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Join award-winning authors Connie Willis and Carrie Vaughn
for a two-day intensive writing workshop held in Seattle this June.
The workshops will bookend the Locus Awards weekend.

Friday, June 23, 2017, 10:00 a.m. to 4:00 p.m.
Sunday, June 25, 2017, 10:00 a.m. to 4:00 p.m.

Connie Willis & Stephen Graham Jones teaching the 2016 workshop

Check back here soon for more details about the workshop topics! For more information about the Locus Awards events, ticketed separately, visit the Locus Awards Weekend site. Workshop location and other details will be emailed after registration. Location is in Seattle, WA, near the Locus Awards. Additional questions? Please e-mail Locus.

conniewillisvvConnie Willis is the critically acclaimed author of Doomsday Book, Passage, To Say Nothing of the Dog and Bellwether. Willis has been awarded eleven Hugo Awards, eleven Locus Awards and six Nebula Awards. Her stories have an epic feel to them and range from laugh out loud funny to deadly serious. Her keen observations illuminate the humor, love, and redemption found in both the comic and the tragic. Celebrated as a humorist with spot-on comic timing, she also uses her fiction to examine larger questions: the nature of God, the persistence of suffering and loss, and the role of love and redemption. Willis most recently won a Hugo Award for her books Blackout and All Clear (August 2011). She was inducted to the Science Fiction Museum and Science Fiction Hall of Fame in 2009 and received the Damon Knight Memorial Grand Master Award in 2011.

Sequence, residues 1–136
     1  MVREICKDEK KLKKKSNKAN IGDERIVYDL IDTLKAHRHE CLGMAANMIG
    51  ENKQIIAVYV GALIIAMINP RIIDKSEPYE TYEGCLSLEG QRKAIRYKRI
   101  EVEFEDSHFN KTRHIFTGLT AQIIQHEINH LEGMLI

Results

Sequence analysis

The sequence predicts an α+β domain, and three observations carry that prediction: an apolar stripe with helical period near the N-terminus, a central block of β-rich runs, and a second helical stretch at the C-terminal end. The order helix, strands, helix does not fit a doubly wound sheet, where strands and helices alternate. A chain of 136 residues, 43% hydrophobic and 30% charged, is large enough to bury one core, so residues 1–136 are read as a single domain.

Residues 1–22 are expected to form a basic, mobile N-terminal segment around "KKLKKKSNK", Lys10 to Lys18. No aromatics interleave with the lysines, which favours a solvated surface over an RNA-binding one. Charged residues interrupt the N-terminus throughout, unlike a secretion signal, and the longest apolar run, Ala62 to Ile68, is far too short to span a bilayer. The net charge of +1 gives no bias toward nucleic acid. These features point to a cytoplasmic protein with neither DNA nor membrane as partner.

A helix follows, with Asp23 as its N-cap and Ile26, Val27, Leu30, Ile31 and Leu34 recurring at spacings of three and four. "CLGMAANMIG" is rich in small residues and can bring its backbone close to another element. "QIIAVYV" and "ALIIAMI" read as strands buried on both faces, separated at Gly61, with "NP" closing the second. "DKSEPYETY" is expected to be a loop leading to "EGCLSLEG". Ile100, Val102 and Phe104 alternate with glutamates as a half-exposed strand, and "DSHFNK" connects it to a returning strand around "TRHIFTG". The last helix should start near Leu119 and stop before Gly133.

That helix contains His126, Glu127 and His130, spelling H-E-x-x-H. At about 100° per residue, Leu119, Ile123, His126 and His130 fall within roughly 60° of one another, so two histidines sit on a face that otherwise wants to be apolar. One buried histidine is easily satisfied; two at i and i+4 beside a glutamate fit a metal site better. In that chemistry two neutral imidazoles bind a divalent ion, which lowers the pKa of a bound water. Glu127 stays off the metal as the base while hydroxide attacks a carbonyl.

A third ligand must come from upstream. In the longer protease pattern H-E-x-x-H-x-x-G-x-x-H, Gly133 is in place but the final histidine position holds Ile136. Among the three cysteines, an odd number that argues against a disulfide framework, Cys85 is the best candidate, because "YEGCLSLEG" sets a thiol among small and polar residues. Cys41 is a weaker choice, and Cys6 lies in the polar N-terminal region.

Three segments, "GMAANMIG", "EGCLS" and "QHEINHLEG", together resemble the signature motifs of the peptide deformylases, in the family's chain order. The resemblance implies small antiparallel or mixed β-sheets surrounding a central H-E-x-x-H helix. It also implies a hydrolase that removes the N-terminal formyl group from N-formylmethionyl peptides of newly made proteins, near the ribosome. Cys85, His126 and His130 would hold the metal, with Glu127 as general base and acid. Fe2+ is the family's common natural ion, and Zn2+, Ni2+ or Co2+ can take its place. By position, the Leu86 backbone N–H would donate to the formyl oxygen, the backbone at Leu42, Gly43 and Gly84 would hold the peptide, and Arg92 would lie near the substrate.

carrievaughnCarrie Vaughn is the New York Times bestselling author of more than twenty novels and over eighty short stories. She’s best known for the Kitty Norville urban fantasy series about a werewolf who hosts a talk radio advice show for supernatural beings – the series includes fourteen novels and a collection of short stories – and the superhero novels in the Golden Age saga. She’s a contributor to the Wild Cards series of shared-world novels edited by George R.R. Martin, and also writes the Harry and Marlowe steampunk short stories about an alternate nineteenth century that makes use of alien technology. She has a masters degree in English lit, graduated from the Odyssey Fantasy Writing Workshop in 1998, and returned to the workshop as Writer in Residence in 2009. She has been nominated for the Hugo Award, various RT Reviewer Choice Awards – winning for Best First Mystery for Kitty and The Midnight Hour – and won the 2011 WSFA Small Press award for best short story for “Amaryllis.”